Ex-FBI director James Comey is to testify under oath today that Donald Trump pressed him for his "loyalty" and pushed him to "lift the cloud" of investigation shadowing his White House by declaring publicly the president was not the target of the probe into any links between his campaign and Russia.
Mr Comey's detailed and vivid recollections of his one-on-one conversations with Mr Trump were revealed in seven pages of prepared testimony released on Wednesday, the day before his much-anticipated appearance before the Senate intelligence committee.
His remarks paint a picture of an FBI director so disconcerted by his interactions with the president that he began keeping written memos of their private discussions.
He will tell politicians he believed the president was trying to create a "patronage relationship" with him and describe in detail an Oval Office meeting in which Mr Trump urged him not to investigate ousted National Security Adviser Michael Flynn's contacts with Russian officials.
But the ex-FBI director also will validate Mr Trump's assertion that he was not personally a target of the federal counterintelligence investigation into possible campaign collusion with Russia. Mr Comey said he did offer the president that "assurance," but resisted Mr Trump's appeals to make that information public.
"The FBI and the Department of Justice had been reluctant to make public statements that we did not have an open case on President Trump for a number of reasons, most importantly because it would create a duty to correct, should that change," Mr Comey said in the prepared remarks.
Mr Trump's personal lawyer said the president was cheered by the testimony.
"The president is pleased that Mr Comey has finally publicly confirmed his private reports that the president was not under investigation in any Russian probe," attorney Mark Kasowitz said in a statement.
"The president feels completely and totally vindicated. He is eager to continue to move forward with his agenda."
Mr Comey has not spoken publicly since he was abruptly fired by Mr Trump on May 9. His dismissal, four years into a 10-year term, fuelled claims Mr Trump's ultimate aim was to quash the investigation and obstruct justice, potentially a federal crime or an impeachable offence. Some legal experts said Mr Comey's account could bolster such a case.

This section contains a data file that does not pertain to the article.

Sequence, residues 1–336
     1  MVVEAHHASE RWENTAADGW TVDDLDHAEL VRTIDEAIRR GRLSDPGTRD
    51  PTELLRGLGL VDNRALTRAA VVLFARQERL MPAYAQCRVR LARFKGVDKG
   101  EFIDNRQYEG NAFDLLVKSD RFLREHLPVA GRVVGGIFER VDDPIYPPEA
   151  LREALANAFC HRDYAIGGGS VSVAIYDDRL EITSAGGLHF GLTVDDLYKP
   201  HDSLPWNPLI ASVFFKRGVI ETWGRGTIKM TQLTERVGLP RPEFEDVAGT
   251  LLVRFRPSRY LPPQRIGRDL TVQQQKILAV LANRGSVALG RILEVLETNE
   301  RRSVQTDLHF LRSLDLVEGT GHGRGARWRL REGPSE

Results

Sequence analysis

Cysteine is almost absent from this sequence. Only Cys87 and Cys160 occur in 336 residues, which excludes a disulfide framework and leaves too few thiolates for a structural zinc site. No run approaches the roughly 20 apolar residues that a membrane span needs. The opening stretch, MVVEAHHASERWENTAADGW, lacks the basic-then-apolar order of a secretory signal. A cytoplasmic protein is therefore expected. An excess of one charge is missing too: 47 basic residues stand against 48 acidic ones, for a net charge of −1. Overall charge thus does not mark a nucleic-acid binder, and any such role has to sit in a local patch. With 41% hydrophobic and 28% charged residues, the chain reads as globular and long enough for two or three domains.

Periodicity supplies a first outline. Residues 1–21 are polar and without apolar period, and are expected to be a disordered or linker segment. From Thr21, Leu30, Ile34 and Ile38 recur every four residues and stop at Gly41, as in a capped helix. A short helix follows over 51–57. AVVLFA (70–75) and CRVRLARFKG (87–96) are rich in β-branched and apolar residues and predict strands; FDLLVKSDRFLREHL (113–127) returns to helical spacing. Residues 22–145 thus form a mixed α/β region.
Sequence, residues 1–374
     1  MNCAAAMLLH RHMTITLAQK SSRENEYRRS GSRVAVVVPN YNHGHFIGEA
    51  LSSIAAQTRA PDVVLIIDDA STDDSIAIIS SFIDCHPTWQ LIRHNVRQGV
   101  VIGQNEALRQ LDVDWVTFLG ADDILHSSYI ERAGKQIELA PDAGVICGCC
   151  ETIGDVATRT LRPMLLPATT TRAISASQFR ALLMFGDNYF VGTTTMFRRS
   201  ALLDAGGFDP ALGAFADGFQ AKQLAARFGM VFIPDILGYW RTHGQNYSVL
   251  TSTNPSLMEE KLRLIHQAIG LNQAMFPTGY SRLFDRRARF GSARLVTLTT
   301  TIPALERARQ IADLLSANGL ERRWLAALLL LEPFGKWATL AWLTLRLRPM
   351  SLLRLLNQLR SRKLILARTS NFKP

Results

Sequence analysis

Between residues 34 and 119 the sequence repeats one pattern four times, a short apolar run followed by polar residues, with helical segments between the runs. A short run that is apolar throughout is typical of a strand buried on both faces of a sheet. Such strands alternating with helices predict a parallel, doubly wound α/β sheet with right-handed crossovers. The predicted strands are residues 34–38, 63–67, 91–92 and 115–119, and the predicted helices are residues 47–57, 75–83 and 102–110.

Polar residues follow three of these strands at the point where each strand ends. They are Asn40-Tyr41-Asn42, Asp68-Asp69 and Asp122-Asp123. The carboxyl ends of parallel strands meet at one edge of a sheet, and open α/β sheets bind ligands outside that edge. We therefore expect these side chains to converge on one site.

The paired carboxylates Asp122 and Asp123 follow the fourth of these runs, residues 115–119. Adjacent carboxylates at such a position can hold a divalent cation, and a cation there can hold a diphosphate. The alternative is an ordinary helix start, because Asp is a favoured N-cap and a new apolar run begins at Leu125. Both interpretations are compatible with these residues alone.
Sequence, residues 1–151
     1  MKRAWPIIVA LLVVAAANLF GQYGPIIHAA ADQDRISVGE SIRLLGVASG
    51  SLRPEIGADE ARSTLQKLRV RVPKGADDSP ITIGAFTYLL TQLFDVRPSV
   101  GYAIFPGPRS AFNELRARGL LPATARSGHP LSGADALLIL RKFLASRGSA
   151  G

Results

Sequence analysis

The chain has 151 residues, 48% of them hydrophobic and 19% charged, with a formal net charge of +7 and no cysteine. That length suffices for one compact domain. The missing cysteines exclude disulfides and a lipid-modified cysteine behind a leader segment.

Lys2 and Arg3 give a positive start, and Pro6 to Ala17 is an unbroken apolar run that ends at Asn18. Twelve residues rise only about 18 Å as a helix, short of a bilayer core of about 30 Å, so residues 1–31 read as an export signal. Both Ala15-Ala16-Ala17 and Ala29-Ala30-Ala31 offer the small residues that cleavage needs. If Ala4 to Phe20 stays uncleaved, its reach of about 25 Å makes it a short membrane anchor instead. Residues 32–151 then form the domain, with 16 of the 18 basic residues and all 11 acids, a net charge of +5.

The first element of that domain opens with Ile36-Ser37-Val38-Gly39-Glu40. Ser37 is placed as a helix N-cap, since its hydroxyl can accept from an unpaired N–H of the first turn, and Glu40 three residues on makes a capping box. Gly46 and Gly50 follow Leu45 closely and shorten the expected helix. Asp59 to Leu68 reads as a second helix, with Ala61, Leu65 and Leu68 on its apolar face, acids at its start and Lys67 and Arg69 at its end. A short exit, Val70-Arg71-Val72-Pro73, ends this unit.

Mr Comey's statement came hours after two top intelligence officials told politicians they never felt "pressured" to do anything inappropriate by the president. But Director of National Intelligence Dan Coats and Admiral Mike Rogers, the director of the National Security Agency, angered members of the Senate intelligence committee by staunchly refusing to answer questions about conversations they had with Mr Trump.
The ex-FBI director's testimony recounts his conversations with the apparent precision of a veteran lawman. Mr Comey notes he had nine one-on-one interactions with Mr Trump over a four-month stretch, compared to two private conversations with President Barack Obama between September 2013 and the end of 2016. He also said he did not keep written memos of his interactions with Mr Obama.
The first meeting with Mr Trump after the inauguration occurred on January 27, during a private dinner at the White House that Mr Comey came to view as an attempt by the president to "create some sort of patronage relationship".
According to Mr Comey, Mr Trump asked if he wanted to remain as FBI director and declared: "I need loyalty. I expect loyalty." Mr Comey said he replied that he could offer his honesty, and that when Mr Trump said he wanted "honest loyalty", Mr Comey paused and said, "You will get that from me."
Mr Comey also describes at length a February 14 meeting in the Oval Office in which he believed Mr Trump asked him to back off an investigation into Flynn.
"He then said, 'I hope you can see your way clear to letting this go, to letting Flynn go. He is a good guy. I hope you can let this go,'" Mr Comey said, according to the prepared remarks. He said he believed the president was talking only about Mr Flynn, not about the broader Russia probe.
White House spokeswoman Sarah Huckabee Sanders said she was unsure if the president read Mr Comey's testimony after its release. Asked whether the president stood by earlier assertions that he had neither sought Mr Comey's loyalty nor asked for the Flynn investigation to be dropped, she said: "I can't imagine the president not standing by his own statement."